How a new playground is helping Rotterdam deal with its flooding problem

Rotterdam. Image: Pixabay.

Rotterdam is no stranger to water: 80 per cent of our city sits below sea level and we face the effects of climate change on a daily basis. As subsidence and urbanisation increase, our risk of flooding continues to grow.

As one of the first cities in the world to release a comprehensive Resilience Strategy, Rotterdam is keenly aware of how solutions and interventions can yield multiple benefits, addressing multiple resilience challenges simultaneously.

A new water square Frederiksplein, which opened last week in Rotterdam, is one such solution. Under normal circumstances, the water plaza functions as a playground, with seating areas, green space, and a football pitch. Planned in consultation with nearby residents, the water square also features art from the students of the Oscar Romero School. In more extreme conditions, the plaza collects storm water from the vicinity, relieving pressure from the city’s sewer system and mitigating flooding risk to the neighbourhood.

The water square. Image: 100 Resilient Cities.

Perhaps as important, the water plaza helps build social cohesion in the surrounding community of Crooswijk. It helps to beautify the neighbourhood, providing neighbours a place to mingle and spend time with one another, making the community stronger in both good times and bad.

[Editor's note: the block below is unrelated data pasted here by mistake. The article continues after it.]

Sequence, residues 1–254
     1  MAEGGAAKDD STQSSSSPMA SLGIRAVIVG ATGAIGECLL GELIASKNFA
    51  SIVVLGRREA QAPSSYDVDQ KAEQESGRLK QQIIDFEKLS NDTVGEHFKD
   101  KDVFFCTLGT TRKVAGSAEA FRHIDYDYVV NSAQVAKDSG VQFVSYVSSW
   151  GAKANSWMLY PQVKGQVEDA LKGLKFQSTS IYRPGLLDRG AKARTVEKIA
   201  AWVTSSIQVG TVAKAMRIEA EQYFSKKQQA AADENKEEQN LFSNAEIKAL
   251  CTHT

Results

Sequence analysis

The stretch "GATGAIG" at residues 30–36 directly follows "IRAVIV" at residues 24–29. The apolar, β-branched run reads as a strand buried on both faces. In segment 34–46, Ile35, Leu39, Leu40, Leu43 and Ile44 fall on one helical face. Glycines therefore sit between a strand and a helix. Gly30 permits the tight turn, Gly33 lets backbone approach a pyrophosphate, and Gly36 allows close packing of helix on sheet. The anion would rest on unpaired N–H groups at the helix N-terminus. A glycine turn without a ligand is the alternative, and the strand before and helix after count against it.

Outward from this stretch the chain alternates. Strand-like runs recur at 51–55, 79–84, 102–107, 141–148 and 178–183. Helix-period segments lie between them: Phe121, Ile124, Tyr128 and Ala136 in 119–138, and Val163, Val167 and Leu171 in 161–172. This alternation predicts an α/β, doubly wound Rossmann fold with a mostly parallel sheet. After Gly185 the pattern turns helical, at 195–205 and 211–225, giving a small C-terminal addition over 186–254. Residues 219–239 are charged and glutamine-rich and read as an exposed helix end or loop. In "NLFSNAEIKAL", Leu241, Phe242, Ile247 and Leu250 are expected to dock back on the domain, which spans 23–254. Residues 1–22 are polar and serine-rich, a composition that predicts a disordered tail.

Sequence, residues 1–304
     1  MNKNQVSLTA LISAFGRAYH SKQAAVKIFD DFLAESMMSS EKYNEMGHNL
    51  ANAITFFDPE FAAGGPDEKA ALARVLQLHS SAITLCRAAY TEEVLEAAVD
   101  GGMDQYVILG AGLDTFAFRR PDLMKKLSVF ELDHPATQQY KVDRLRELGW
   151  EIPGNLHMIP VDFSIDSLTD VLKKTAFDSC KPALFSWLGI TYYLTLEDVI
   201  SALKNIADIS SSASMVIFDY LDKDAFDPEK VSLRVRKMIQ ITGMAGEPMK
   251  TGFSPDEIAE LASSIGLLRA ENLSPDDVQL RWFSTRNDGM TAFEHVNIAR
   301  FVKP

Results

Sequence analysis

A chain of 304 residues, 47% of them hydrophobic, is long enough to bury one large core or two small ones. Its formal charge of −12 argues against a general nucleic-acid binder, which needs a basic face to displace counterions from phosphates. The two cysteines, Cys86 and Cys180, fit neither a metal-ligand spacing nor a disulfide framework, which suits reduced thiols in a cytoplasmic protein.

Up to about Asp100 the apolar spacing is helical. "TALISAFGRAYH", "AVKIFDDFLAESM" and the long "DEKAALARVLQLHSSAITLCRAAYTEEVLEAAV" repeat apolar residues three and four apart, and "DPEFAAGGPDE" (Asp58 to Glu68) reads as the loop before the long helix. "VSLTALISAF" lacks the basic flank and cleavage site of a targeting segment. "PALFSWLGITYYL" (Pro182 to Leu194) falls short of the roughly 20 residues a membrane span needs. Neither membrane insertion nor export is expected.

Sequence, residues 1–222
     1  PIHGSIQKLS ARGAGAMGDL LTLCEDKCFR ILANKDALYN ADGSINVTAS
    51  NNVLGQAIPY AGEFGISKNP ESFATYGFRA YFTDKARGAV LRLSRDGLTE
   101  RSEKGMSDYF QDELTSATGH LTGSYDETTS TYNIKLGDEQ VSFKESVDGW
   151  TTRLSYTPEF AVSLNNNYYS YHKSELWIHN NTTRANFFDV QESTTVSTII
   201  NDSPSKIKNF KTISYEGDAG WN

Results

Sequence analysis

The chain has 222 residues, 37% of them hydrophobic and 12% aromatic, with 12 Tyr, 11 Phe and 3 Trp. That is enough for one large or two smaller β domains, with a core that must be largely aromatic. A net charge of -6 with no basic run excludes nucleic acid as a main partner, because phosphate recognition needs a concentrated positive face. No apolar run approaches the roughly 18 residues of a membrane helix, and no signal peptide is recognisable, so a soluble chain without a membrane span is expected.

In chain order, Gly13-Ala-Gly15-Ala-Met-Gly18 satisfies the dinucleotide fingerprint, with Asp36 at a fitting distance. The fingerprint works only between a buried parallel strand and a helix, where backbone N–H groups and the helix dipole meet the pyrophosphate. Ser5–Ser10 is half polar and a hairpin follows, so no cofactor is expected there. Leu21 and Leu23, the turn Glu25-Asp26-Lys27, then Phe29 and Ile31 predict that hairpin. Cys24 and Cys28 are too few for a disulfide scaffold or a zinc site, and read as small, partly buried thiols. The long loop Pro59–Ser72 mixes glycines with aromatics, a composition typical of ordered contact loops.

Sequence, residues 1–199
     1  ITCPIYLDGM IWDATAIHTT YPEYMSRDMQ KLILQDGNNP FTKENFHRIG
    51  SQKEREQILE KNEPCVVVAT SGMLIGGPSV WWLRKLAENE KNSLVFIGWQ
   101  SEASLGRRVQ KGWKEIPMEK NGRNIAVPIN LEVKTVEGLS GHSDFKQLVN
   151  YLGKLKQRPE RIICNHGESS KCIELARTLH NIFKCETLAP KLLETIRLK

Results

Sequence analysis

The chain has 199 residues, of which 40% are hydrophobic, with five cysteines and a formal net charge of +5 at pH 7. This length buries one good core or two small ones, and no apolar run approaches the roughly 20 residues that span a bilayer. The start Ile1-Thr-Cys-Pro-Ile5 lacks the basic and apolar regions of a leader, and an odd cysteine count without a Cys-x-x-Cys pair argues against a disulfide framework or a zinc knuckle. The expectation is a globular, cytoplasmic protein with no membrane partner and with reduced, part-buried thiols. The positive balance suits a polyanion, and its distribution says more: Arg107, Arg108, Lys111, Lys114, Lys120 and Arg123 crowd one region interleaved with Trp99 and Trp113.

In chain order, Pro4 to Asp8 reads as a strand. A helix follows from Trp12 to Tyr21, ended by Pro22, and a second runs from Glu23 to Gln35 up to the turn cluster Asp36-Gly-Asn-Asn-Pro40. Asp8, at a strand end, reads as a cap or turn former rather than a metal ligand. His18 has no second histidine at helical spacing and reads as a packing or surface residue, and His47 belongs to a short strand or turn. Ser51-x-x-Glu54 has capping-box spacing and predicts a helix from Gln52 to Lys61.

The water square in Frederiksplein is the 4th water square in this city and the Benthemplein water square, the first of its kind, was a key initiative in the city’s Resilience Strategy. And while Rotterdam has been a pioneer in developing this concept as a viable flood mitigation tactic, we can also help cities around the world think differently about their flooding challenges and learn from how others around the world approach theirs.

Multi-functional and multi-benefit solutions are key to building resilience in our city, but also in every city. With limited resources and time, cities must do more with what they have to build on their inherent advantages and learn from their challenges.

Arnoud Molenaar is the chief resilience officer for the city of Rotterdam, the Netherlands. You can hear him talk about the city’s flood protection plans on a recent episode of Skylines, the CityMetric podcast.

This post was previously published on the 100 Resilient Cities website, and appears here with permission.


Podcast: Beyond the wall, with John Lanchester

A sea wall in Japan. Image: Getty.

This week it’s another live episode, of sorts. In early April I was lucky enough to chair an event at the Cambridge Literary Festival with the journalist and novelist John Lanchester.

John was mostly there to promote his latest novel, The Wall, a “cli-fi” book about a Britain trundling on after catastrophic climate change has wiped out much of the planet. In the past he’s also written about other vaguely CityMetric-y topics like the housing crisis and the tube - so he’s a guest I’ve been hoping to get on for a while, and was kind enough to allow us to record our chat for posterity and podcasting purposes.

Incidentally, I didn’t find a way of turning the conversation to the tube. We do lose ten minutes to talking about Game of Thrones, though.

The episode itself is below. You can subscribe to the podcast on AcastiTunes, or RSS. Enjoy.

Jonn Elledge is the editor of CityMetric. He is on Twitter as @jonnelledge and on Facebook as JonnElledgeWrites.

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